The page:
The COH designed, wrote, gathered signatures for, placed on the ballot and eventually passed “Our City, Our Home,” or Proposition C, in November 2018. The measure taxes corporate income over $50 million at an average of one-half percent and generates funding for homeless housing, shelter, mental health treatment and homeless prevention. The initiative requires an oversight body to recommend and oversee spending, with the intent of preserving the initiative as a people’s endeavor centered on the experience of unhoused community members themselves. The oversight body collected input from 850 people, mostly unhoused, as well as other experts such as service providers on how the money should be spent. Many proposals came from the community as well as from City departments, and the body created an investment plan that attempted to balance community and City requests while formulating a cohesive strategy to move the dial on homelessness in the most effective way. That investment plan now sits on the Mayor’s desk. It remains to be seen if the Mayor will honor the people’s initiative or if she will decide to cut some recommendations and fund alternative items. Once the Mayor releases this plan it will then be in the Board of Supervisors’ court.
Recommendations for Investments Adopted at April and May OCOH Committee Meetings:
- The Committee recommended investments totaling $508.3 million into Permanent Housing Expenditures and prioritized investments into a mix of development activities, 1,182 unit acquisitions, 1,300 Flexible Housing Subsidy Pool resources, 315 Medium-Term Subsidies and Rapid Rehousing supports, and non-time-limited bridge housing for youth.
- These investments include $22.9 million that the Committee recommended be transferred from the Homelessness Prevention fund balances and used to increase recommended investments into housing acquisition and development activities for adults, families with children, and transition age youth.
Recommendations for Shelter Investments Adopted at April and May OCOH Committee Meetings:
- The Committee recommended investments totaling $66.4 million into Homeless Shelter Expenditures, and prioritized investments into a range of different models for sheltering and supporting people, tailored to the needs of different sub-populations of people experiencing homelessness, adding more than a thousand beds.
Recommendations for Homeless Prevention Investments Adopted at April and May OCOH Committee Meetings:
- The Committee recommended investments totaling $136.39 million into Homelessness Prevention Expenditures, and prioritized investments into a wide and flexible range of eviction prevention, homelessness prevention, problem-solving/diversion activities, and workforce services and supports.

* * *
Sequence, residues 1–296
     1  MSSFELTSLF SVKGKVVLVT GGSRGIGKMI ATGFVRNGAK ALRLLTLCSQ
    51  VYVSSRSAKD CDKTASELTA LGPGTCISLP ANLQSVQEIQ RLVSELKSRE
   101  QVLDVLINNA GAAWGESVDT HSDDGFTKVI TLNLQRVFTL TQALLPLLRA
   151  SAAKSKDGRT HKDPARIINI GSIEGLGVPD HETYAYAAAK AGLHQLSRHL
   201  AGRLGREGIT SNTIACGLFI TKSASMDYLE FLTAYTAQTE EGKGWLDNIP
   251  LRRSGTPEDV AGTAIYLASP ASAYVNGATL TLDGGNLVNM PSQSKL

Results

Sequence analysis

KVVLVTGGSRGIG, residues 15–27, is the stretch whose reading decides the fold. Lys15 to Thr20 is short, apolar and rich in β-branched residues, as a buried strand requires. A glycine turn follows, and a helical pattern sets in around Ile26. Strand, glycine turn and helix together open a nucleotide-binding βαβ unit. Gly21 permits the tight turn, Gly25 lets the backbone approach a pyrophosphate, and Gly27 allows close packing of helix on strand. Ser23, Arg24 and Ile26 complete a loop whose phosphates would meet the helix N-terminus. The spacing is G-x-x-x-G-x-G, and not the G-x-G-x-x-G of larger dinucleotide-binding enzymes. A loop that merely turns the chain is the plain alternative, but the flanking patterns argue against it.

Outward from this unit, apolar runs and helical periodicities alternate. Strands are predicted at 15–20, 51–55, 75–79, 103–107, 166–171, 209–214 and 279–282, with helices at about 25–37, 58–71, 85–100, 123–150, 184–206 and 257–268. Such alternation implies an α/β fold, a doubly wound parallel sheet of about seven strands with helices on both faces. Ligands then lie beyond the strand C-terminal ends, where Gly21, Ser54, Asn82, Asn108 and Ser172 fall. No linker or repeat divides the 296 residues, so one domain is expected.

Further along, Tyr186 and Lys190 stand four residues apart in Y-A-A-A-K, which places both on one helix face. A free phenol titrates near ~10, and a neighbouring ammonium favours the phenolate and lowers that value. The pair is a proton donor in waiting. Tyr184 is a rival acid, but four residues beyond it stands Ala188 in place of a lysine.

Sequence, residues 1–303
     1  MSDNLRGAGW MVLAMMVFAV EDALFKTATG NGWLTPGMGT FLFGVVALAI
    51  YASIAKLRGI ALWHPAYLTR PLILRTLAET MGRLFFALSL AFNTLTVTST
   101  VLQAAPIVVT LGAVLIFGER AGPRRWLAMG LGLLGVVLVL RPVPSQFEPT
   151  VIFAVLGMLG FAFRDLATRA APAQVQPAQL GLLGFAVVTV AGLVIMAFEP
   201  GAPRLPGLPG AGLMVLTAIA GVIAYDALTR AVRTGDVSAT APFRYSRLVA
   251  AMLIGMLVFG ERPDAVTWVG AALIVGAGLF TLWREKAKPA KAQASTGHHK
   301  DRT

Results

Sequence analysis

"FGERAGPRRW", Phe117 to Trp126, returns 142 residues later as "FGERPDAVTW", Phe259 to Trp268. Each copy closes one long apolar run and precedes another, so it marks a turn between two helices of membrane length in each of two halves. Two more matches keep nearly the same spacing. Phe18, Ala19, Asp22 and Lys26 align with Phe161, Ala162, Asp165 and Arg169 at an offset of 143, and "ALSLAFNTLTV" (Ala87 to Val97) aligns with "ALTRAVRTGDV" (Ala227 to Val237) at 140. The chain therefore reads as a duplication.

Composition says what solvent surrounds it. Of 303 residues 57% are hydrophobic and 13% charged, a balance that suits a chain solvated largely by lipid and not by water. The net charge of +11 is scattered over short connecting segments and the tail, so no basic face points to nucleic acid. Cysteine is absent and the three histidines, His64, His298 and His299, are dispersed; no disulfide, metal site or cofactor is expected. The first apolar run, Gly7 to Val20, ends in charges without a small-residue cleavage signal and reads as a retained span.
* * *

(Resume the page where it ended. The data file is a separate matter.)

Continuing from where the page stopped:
- Further, the Committee recommended that $22.9 million be transferred from the Homelessness Prevention fund balances and used to increase recommended investments into housing acquisition and development activities for adults, families with children, and transition age youth with the Permanent Housing Expenditure category.
Recommendations for Mental Health Investments Adopted at April and May OCOH Committee Meetings:
- The Committee recommended investments totaling $150 million into Mental Health Expenditures, and prioritized investments in:
- Adding 325 residential treatment beds including both site acquisition and operations costs; supporting overdose prevention efforts targeting people using on the streets
- Adding housing in the form of Board and Care housing and managed alcohol programs.
- Enhancing access to behavioral health services through the Behavioral Health Access Center and through services targeting specific populations and connected to existing settings
- Expanding care coordination services for transitional age youth
Fully Fund the Homeless Emergency Services Provider Association (HESPA) Request
HESPA has requested a $27.7 million budget to address the homelessness crisis. Some of these items are in the OCOH investment plan, while others leverage Prop. C dollars. Included in the budget proposal are 1,212 housing subsidies for seniors, people with disabilities, people with HIV, families and youth. These are subsidies that households can use in the private market, and most are permanent, meaning impoverished households can use them as long as they need them. Also in the proposal are funding requests for emergency services such as hotel vouchers, and a replacement drop-in family shelter. If funded in full, this would add temporary lodging for about 345 households at any one time. It also has a request for technical assistance to reimagine the entire shelter system, as many are calling for a move away from congregate living coming out of the pandemic. There is also a small, but important, direct cash assistance pilot in the request, which would allow the city to experiment with guaranteed income as a poverty abatement strategy. For a long time, our shelter system has been devoid of adequate behavioral health services, and the mental health of shelter residents has steadily decreased. HESPA is asking for behavioral health services on site at shelters for single adults, families and youth to serve about 3,235 adults and children. Lastly, our homeless system lacks investments in developing a workforce of unhoused people. This has led to difficulty in exiting homelessness and poverty. HESPA is asking for “earn and learn” grants for about 1,000 unhoused participants.
Add three permanent water sources in the Tenderloin
This is an inexpensive but life-saving resource that is badly needed in the Tenderloin. In a recent survey, we found that survey respondents overwhelmingly reported barriers to accessing basic water needs. 68% of respondents shared that they face daily barriers to water accesshttps://sfbos.org/sites/default/files/Budget_Hearing_Calendar.pdf. While many of the above recommendations attempt to address homelessness, we can anticipate there will continue to be folks stuck on the streets, and while they are, at the very least they should have access to water. This would cost less than $100,000, but would improve the health of those who are without housing.
How to Get Involved
There will be several hearings coming up at the appropriations committee of the Board of Supervisors. The main hearing will take place on June 25 at 10a.m., and the agenda with call-in instructions will be posted 3 days before at the sfgov website under the Board of Supervisors Budget and Appropriations Committee information. For more information on how to get involved, please contact email@example.com.